If Evans can up his ability in the open floor to consistently find teammates or score himself, and up the ability of Westphal to match with G’s defensively on the other end, there’s very little reason to believe this pick can’t be a slam dunk for the Kings.

Clearly Gavin Maloof is on board with this. Reading this:

We loved Ricky Rubio,” an almost giddy Joe Maloof said midway into Thursday night’s festivities, “but Tyreke is the player Geoff thinks is going to help get us back to where we want to be. Geoff, coach (Paul) Westphal, all the scouts, everybody felt this was the right guy. It’s about winning. Winning sells tickets. Believe me, the room erupted when David Stern announced that Oklahoma City took … Harden.”

I knew when the pick was made I was likely to be wrong. And, I probably am. I’m a firm believer of body of work, and what it represents moving forward. The idea that Evans could be a star in this league is hard to deny. (I didn’t deny it before the draft. So I won’t deny it.) What I hope is that the allusion to T-Mac as a creator/distributor/defender that Dalt made is accurate.

That was always my fear was that asking him to make that leap, and taking the Kings with him, was probably not very likely. Clearly the Kings don’t agree.

There are days when I hope I’m not wrong, and there are days when I know I’m right. The day I’m glad I was right was the day the Kings traded Brad Miller. (John Salmons too. That may be the real foresight looking back.) More importantly, the day I hope I’m wrong is yesterday with regards to Evans (in particular–Brockman and Casspi is what it is) and will be happy to see I am when I know I am.

Because if Evans doesn’t pan out, I won’t be the only one depressed that he didn’t. But, I will always wonder what will happen if he just struggles to create shots for players in the open court (or open court period), or not defend the way the Kings are hoping.

Viva ‘Reke!

We left for Frisco in your Rambler
The radiator running dry
I’ve never been much of a gambler
and had a preference to fly
You said “forget about the airline,
let’s take the car and save the fare.”
We blew a gasket on the Grapevine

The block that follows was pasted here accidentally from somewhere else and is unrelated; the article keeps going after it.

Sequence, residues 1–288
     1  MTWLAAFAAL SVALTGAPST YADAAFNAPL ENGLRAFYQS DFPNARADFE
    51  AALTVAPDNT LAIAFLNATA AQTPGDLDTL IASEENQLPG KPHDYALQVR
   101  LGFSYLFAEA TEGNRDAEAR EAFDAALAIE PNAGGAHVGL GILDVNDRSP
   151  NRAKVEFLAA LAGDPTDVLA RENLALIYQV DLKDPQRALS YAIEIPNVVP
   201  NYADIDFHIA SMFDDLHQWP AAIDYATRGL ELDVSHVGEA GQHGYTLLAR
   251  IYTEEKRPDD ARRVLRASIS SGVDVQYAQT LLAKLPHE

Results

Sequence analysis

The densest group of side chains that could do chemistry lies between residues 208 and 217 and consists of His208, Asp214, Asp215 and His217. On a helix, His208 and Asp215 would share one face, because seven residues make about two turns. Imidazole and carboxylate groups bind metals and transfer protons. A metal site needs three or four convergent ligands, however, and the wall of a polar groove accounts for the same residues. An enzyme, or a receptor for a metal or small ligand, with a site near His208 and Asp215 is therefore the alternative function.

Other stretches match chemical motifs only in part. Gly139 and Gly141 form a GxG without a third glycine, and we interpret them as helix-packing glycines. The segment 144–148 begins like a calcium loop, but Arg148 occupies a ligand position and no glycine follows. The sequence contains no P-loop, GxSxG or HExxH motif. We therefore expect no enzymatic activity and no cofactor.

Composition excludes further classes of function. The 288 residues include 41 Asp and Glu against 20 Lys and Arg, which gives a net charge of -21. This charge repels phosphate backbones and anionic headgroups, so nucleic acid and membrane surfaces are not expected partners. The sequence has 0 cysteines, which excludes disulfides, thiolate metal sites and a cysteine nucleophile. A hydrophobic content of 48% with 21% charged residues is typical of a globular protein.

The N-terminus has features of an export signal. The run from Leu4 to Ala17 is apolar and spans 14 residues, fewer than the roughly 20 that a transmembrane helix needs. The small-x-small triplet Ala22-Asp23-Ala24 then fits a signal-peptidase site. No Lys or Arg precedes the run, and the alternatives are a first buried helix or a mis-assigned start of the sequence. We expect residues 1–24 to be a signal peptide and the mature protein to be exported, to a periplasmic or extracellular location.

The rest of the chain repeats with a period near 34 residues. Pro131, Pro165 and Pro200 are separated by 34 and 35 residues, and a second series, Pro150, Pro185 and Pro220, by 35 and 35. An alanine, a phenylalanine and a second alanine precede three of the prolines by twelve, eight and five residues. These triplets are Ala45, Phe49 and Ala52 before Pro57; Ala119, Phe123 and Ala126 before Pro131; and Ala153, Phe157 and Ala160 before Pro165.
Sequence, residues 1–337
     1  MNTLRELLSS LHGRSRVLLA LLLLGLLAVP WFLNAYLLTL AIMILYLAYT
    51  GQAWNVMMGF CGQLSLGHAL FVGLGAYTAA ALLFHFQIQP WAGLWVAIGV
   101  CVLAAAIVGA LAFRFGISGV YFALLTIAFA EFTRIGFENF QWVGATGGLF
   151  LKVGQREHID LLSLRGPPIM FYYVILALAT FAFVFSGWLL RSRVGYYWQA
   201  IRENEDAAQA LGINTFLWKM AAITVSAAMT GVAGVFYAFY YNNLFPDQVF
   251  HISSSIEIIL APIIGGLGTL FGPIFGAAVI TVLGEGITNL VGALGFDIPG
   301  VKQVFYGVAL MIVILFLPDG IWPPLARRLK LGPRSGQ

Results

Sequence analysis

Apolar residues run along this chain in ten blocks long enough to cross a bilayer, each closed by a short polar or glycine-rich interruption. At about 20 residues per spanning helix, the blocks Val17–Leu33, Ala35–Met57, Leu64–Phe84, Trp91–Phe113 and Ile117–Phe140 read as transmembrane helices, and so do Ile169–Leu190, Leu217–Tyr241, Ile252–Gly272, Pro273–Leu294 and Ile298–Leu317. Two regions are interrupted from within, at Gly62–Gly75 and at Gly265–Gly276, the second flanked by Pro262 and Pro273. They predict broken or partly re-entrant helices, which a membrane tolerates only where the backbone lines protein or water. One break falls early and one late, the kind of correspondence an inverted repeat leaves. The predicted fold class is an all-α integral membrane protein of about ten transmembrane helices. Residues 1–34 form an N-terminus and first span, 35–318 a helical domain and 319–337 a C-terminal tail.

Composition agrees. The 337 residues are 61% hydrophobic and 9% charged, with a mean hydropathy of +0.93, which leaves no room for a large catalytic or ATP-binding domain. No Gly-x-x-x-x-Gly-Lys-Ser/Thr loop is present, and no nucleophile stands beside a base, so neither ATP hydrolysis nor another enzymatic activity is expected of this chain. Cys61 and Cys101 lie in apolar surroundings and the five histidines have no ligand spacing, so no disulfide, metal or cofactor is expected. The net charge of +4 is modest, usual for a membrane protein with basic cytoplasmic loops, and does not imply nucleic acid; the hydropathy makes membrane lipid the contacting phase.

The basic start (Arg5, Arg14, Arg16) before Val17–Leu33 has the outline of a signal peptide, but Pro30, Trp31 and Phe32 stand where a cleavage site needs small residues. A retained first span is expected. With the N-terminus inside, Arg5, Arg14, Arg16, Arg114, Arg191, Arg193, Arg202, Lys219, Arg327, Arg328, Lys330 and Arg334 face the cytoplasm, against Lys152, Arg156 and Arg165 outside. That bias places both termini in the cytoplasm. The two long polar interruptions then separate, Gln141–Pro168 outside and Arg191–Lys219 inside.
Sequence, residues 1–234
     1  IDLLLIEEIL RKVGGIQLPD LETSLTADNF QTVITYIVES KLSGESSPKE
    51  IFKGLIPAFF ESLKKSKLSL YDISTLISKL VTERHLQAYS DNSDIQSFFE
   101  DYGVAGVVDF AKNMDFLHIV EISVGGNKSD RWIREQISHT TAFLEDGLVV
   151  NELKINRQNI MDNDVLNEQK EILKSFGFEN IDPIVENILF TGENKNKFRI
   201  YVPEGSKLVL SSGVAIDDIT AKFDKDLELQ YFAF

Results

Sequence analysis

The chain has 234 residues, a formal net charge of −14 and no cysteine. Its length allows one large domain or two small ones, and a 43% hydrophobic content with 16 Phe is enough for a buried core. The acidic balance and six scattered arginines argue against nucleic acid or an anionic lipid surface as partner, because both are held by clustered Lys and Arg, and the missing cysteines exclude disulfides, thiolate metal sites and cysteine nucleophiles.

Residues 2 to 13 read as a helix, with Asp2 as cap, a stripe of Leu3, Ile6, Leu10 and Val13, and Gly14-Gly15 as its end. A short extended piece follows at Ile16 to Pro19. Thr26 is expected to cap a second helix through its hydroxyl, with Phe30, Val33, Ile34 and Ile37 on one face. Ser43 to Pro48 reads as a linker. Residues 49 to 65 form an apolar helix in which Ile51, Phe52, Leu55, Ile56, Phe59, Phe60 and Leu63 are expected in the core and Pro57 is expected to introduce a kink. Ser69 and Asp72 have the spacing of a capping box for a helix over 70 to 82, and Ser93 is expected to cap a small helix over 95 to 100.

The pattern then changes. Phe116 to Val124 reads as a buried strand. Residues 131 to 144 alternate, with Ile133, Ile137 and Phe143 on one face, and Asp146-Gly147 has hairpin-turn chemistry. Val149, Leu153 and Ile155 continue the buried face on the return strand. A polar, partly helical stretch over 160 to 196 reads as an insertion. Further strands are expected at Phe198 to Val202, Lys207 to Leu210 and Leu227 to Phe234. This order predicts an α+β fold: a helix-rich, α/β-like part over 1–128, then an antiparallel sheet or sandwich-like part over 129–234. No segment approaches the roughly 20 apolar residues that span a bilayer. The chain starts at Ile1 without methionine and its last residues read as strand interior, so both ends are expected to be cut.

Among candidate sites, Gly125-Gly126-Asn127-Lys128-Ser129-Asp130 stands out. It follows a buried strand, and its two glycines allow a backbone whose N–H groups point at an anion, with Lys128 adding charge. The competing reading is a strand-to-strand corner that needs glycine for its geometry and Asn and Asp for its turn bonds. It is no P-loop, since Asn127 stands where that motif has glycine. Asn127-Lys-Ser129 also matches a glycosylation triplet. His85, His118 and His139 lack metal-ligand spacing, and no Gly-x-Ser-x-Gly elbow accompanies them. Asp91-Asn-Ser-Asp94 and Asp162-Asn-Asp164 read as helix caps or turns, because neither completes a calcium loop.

and eighty dollars on repairs
(chorus)
All aboard (Sausalito summernight)
All aboard (Sausalito summernight)
All aboard (Sausalito summernight)
All aboard
Hot summer night in Sausalito
Can’t stand the heat another mile
Let’s drop a quarter in the meter
and hit the sidewalk for a while
I’ll have a burger and a root beer
You feed the heap some of the grape
A shot of premium to boot, dear
We’ll get across the Golden Gate
(chorus)
All aboard (Sausalito summernight)
All aboard (Sausalito summernight)
All aboard (Sausalito summernight)
All aboard
Cashin’ all my checks
?Straightenin’ out my bank?
Spend it on a Rambler
with a wormhole in the tank
Look out over here
Watch out over there
Can’t afford a blowout
’cause we haven’t got a spare
(chorus)
All aboard (Sausalito summernight)
All aboard (Sausalito summernight)
All aboard (Sausalito summernight)
All aboard

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Responses

  1. Pook, welcome back.

    I was more surprised by the Brockman pick when we had the chance to draft Blair than by Evan’s selection. In a way I think we did draft Blair, without the concerns about his knees. Just to refresh your memory (cuz I know you read it) are a few excerpts from DX re Brockman.

    ……..”Built like a tank, the former Husky loves to throw his weight around on the block, playing with great toughness and a high motor. Though he’s not a great athlete, Brockman shows decent leaping ability for his size on the move, and could become an even better physical specimen if he continues to work on his athleticism.”

    ……..”Brockman was one of the top scorers and rebounders in the PAC-10 as a junior.”

    ……..”He gave up no ground in the post, showed average lateral quickness defending the perimeter, and effectively hedged the pick and roll on a couple of occasions. Not as dominant on the defensive glass as he was as an offensive rebounder, Brockman did a good job boxing out this week, and though he isn’t the type of elite athlete that is going to explode across the lane to pull down rebounds, he’s a very good defensive rebounder. He displays great hands and pulls down tough boards in traffic, which is important considering he doesn’t provide much of a presence as a help side defender or create many turnovers.”